5 Here I have shown the OSI 7 layer reference model. This model is a guideline for network developers that defines different levels that data should pass through to travel between two devices on the network And if you were to map the CAN protocol onto this model, you would see that CAN would exist in the lower two layers (Datalink and part of the Physical layer) And as for reference most HLPs would map to the upper 5 layers The ISO doesn t cover HLPs. It also doesn t specify what transceivers or connectors should be used for a CAN network 5

6 This slide shows a very simple CAN network. This example CAN network is made up of four nodes that are connected to a physical layer which in this example is a differential bus with termination. Even though we are using a differential bus for this example keep in mind that other possible physical layers exist. ISO defines high speed physical. One important note is that Transmission speeds are defined up to 1 Mbps for total bus lengths of less than 40m Now it is possible to lengthen this distance in the CAN BUS, by to do so the bitrate would have to be lowered for the entire CAN Network In this Example the Door Node will transmit out a message that lets the other nodes on the bus know that the state of the door (closed or open). While the door node is transmitting it is also receiving it s transmitted message at the same time as the other nodes on the BUS. All nodes including the Door Node are checking that message for errors. At a very basic level ALL CAN messages are broadcast messages If there are no errors with the message all nodes will ack the message by transmitting a dominant bit value onto the BUS while the Transmitting Node is listening. This notifies the transmitter that at least one receiver validates the message. But even though all nodes were required to check the message for errors it is still possible that one node (In this case the Engine Node) doesn t care about the message and will discard it. The engine node has can implement two methods to discard this valid message. Both are implement during the design time of the Node. The first method is to configure the hardware mask / filters to discard the valid message before the user application is ever notified. The second method is to notify the user application of the message and allow it to make the filtering decision The first method is preferred when trying to prevent wasted CPU cycles, but there could be situations where it would make sense to have the application do the filtering. 6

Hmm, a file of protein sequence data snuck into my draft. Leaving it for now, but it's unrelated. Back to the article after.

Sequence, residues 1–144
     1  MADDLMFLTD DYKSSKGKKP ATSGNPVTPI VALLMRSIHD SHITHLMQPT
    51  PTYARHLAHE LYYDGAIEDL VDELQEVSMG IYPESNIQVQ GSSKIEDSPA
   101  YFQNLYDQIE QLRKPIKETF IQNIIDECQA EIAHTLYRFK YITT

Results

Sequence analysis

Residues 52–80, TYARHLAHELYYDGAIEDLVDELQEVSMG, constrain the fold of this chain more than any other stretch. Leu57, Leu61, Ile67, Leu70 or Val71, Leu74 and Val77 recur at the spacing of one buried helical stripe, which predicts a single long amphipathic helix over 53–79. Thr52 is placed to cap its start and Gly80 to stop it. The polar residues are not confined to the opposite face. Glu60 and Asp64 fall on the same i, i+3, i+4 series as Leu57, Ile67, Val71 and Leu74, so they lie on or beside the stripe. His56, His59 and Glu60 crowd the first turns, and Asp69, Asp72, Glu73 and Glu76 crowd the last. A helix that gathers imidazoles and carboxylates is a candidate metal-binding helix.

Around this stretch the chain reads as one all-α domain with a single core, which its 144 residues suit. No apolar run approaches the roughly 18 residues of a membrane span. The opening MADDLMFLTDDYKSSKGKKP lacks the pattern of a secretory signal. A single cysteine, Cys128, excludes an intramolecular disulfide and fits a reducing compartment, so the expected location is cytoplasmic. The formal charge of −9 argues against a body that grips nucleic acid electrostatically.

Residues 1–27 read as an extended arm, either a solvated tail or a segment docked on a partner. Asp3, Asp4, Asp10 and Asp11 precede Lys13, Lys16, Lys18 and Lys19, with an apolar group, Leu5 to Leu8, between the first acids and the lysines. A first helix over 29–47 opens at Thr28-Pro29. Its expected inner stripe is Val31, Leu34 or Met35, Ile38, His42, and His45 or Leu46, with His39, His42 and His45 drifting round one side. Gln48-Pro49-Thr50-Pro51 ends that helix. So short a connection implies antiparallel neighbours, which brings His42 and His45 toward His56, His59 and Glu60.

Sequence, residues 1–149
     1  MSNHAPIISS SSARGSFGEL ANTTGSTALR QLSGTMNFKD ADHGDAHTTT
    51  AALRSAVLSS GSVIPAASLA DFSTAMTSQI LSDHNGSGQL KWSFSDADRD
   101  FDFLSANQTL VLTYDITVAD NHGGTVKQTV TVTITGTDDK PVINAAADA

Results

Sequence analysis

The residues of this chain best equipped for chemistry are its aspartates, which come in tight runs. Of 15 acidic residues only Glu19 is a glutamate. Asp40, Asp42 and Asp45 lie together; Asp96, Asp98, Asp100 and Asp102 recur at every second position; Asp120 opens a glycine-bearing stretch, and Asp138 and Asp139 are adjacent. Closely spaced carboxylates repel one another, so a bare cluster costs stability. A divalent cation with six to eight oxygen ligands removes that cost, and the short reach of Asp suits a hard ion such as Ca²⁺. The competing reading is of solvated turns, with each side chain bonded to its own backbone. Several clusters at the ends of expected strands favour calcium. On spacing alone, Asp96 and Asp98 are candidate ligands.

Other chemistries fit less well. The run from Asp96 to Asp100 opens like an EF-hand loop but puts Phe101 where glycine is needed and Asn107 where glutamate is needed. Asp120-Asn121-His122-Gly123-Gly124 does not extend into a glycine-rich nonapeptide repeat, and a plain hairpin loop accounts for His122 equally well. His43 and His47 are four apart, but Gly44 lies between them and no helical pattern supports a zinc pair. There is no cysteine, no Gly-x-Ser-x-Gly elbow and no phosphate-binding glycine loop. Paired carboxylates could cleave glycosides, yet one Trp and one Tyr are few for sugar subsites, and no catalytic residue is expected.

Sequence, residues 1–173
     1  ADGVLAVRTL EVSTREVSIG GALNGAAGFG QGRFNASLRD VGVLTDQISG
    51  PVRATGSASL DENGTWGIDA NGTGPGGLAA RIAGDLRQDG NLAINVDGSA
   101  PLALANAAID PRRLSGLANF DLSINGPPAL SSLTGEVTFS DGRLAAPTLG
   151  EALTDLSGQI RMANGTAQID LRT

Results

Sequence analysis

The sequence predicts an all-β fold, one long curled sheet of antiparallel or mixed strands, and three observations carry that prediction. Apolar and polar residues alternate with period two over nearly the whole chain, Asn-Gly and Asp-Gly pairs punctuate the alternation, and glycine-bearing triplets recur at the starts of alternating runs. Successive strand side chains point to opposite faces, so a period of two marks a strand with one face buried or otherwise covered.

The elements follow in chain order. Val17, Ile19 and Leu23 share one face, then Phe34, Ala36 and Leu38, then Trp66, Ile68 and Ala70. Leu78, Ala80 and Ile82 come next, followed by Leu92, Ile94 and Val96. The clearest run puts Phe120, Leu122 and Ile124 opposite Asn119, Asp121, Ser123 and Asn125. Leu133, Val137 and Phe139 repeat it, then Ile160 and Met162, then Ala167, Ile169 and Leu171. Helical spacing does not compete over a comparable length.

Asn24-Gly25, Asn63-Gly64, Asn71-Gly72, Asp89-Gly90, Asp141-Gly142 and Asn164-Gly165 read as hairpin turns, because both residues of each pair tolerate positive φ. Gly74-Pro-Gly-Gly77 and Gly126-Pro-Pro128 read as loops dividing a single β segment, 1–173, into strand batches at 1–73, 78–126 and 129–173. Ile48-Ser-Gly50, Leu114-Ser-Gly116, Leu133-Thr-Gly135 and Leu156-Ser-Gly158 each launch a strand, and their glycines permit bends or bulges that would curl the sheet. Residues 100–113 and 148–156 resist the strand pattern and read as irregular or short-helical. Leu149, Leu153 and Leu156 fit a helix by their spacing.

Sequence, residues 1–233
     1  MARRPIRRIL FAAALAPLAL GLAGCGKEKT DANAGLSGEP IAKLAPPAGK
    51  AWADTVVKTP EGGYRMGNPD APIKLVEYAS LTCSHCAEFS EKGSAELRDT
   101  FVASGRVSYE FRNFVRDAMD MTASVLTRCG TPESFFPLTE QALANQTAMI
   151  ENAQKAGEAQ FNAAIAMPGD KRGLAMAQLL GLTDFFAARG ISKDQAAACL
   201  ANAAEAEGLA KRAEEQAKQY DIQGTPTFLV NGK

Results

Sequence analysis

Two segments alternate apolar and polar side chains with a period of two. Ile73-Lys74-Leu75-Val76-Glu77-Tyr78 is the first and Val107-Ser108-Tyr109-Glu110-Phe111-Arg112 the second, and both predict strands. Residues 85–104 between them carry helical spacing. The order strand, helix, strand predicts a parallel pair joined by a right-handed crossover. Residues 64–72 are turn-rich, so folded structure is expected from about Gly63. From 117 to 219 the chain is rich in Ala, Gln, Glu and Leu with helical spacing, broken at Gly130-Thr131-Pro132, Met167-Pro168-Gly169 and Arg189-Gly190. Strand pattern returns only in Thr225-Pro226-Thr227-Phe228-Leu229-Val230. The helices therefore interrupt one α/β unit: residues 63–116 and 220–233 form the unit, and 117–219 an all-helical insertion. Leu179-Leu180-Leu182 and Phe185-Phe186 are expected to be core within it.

7 There are various types of Nodes that can be found on a CAN Network. Here I am showing three The node on the Left is an example of microcontroller that does not have an integrated CAN module, but the application requires that it still needs to connect to the CAN bus. Typically you would see this with legacy applications that are now being requested by the Network designer to be on the BUS or other reason would be the application requires a certain microcontroller that DOES not come with an integrated CAN module. In either case one of the simplest ways to this node to the CAN Bus is with standalone CAN module. The next type of node you will find on a CAN bus is in the center, and this is an example of a node that has a microcontroller with an integrated CAN module (Which allows for a faster internal connection between the CAN module and microcontroller). This is the most common node you would see on the CAN bus. Microchip currently provides 8/16/32 bit PIC micros with the CAN module integrated. The third example of a CAN node on the right shows a node with a CAN I/O expander This integrate circuit provides I/O expansion for a CAN network without a microcontroller This device would have peripheral like GPIO, A2D, or PWM The Node can be configure with defaults to send out messages periodic or event driven on thresholds Also other nodes can interact to read I/O or change Outputs This node requires No microcontroller firmware to write or debug, but then lacks some flexibility with non proprietary High Layer Protocols This device was designed for low cost simple sensor applications. As you can see CAN nodes can execute very simple or complex applications 7